Kailynevans | Oct 16, 2017 |
I liked this book for a couple reasons. The first is the plot. It was well paced and showed how the duckling tried to fit in with a couple different groups of animals but realized he was only happy with others who were like him. Another reason I liked this book is the illustrations. They had great detail especially with the facial expressions. For example, when the duckling realized he did not fit in, his face was discouraged and the other ducklings were snarky. The big idea is it is okay to be different—acknowledge and be proud of your differences. It is also saying we do not fit in or get along with everyone, but once you are proud of who you are, it will come more naturally. ( )
  jdobra2 | Oct 15, 2017 |
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Author nameRoleType of authorWork?Status
Andersen, Hans Christianprimary authorall editionsconfirmed
Pinkney, JerryIllustratorsecondary authorall editionsconfirmed
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Amazon.com Amazon.com Review (ISBN 068815932X, Hardcover)

Three-time Caldecott Honor artist and four-time winner of the Coretta Scott King Award, Jerry Pinkney doesn't disappoint with this lovely, old-fashioned, richly textured watercolor adaptation of Hans Christian Andersen's The Ugly Duckling. The mother duck knew from the very beginning that one of her babies would be different from the rest... the sixth egg was large and oddly shaped. When it finally hatches that summer, she thinks the "monstrous big duckling" must be a turkey chick! Other ducks are appalled by the ugly duckling, and he is chased, pecked, and kicked aside. When he can't stand it anymore, he runs away from the pond, eventually taking refuge in the warm cottage of an old woman with a cat and a hen. Missing the delicious feeling of the water too much to stay, however, he heads out again into the wide, increasingly cold autumn world.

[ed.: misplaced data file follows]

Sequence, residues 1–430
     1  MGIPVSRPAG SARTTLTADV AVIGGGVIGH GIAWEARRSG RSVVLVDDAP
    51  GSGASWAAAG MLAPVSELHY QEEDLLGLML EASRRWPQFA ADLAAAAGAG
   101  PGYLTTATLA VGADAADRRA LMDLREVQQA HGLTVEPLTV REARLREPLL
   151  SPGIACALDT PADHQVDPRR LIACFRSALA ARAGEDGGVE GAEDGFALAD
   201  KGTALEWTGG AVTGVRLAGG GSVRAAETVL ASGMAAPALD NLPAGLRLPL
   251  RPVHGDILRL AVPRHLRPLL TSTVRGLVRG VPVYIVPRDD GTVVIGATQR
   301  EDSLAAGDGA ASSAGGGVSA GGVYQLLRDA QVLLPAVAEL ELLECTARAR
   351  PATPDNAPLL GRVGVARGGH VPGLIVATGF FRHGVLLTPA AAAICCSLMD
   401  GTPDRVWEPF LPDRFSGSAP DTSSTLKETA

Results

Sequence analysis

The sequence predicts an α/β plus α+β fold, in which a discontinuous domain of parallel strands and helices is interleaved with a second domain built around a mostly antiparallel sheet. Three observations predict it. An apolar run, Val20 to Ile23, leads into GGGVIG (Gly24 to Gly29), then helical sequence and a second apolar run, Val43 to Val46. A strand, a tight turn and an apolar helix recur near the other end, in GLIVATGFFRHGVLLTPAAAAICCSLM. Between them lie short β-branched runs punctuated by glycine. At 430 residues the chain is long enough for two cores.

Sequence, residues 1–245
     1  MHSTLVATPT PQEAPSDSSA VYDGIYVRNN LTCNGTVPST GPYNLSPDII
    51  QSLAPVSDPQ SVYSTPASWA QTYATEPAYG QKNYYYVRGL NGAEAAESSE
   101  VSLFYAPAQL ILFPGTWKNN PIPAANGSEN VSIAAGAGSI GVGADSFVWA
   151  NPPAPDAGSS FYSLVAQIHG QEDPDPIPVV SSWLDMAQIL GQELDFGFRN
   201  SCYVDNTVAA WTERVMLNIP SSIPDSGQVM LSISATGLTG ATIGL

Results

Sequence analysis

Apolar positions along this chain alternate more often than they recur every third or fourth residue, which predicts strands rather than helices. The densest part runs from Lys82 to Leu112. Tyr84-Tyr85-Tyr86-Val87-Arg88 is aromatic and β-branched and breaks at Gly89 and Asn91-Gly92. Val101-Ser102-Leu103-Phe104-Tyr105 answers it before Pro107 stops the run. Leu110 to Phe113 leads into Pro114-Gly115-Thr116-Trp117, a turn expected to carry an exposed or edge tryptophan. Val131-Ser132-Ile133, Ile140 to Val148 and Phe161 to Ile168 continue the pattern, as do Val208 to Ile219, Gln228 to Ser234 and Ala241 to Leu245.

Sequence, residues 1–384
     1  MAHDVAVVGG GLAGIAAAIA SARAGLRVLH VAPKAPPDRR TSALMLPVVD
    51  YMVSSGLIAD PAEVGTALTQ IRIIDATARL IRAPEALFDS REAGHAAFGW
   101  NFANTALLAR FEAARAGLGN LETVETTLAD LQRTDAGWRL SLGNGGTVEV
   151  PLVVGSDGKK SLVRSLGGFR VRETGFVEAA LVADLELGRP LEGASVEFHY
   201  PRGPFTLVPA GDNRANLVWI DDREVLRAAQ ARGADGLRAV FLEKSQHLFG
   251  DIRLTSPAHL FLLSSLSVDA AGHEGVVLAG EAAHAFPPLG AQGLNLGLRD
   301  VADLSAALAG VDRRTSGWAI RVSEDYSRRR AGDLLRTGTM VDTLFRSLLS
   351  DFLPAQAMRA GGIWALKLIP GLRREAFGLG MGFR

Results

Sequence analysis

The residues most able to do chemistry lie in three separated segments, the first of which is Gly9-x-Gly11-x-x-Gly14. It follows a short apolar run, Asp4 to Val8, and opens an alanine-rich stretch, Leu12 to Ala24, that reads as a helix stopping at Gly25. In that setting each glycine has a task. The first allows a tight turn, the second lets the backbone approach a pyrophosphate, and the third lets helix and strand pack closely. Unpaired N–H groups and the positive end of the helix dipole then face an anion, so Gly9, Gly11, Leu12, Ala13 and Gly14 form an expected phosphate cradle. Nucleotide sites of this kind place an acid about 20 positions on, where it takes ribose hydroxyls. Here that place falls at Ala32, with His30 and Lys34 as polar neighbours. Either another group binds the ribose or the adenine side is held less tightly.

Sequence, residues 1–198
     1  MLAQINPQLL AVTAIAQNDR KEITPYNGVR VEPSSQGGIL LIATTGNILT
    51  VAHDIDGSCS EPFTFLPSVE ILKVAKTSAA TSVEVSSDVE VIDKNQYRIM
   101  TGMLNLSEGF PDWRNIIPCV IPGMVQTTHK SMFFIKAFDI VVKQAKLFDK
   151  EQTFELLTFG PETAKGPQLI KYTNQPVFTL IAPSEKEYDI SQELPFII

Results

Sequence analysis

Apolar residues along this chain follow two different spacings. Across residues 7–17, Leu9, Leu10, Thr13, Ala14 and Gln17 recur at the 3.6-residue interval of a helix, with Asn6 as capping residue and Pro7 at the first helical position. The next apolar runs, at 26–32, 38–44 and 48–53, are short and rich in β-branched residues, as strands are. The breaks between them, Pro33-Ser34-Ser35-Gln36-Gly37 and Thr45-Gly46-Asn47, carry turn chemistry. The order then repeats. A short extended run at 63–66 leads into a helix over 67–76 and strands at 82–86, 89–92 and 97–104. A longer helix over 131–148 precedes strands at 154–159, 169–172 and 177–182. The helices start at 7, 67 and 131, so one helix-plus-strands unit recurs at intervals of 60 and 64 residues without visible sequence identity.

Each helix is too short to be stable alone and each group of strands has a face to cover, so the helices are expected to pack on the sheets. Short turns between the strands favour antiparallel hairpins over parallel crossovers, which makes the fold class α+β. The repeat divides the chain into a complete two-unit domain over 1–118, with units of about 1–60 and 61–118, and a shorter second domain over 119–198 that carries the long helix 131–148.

One day, he heard a sound of whirring wings, and up in the air he saw a flock of birds flying high. They were as bright as the snow that had fallen during the night, and their long necks were stretched southward. Oh, if only he could go with them! But what sort of companion could he be to those beautiful beings?"
At last, after a hard, cold winter--and plenty of the kind of adventures no one really wants to have--the duckling sees the same flock of birds he'd seen in the sky so many months ago. He decides he will follow them, somewhat dramatically preferring to be killed by them rather than suffer any more "cold and hunger and cruelty." Much to his surprise, they welcome him! And when he looks for his dull, awkward reflection in the water, he sees a beautiful swan instead. Children who feel ostracized, even for the tiniest of differences, may shed a few sympathetic tears for the ugly duckling. And no doubt, it was Andersen's wish to give them the hope of one day finding their own peaceful place. (Ages 3 to 9) --Karin Snelson

(retrieved from Amazon Thu, 12 Mar 2015 18:00:16 -0400)

An ugly duckling spends an unhappy year ostracized by the other animals before he grows into a beautiful swan.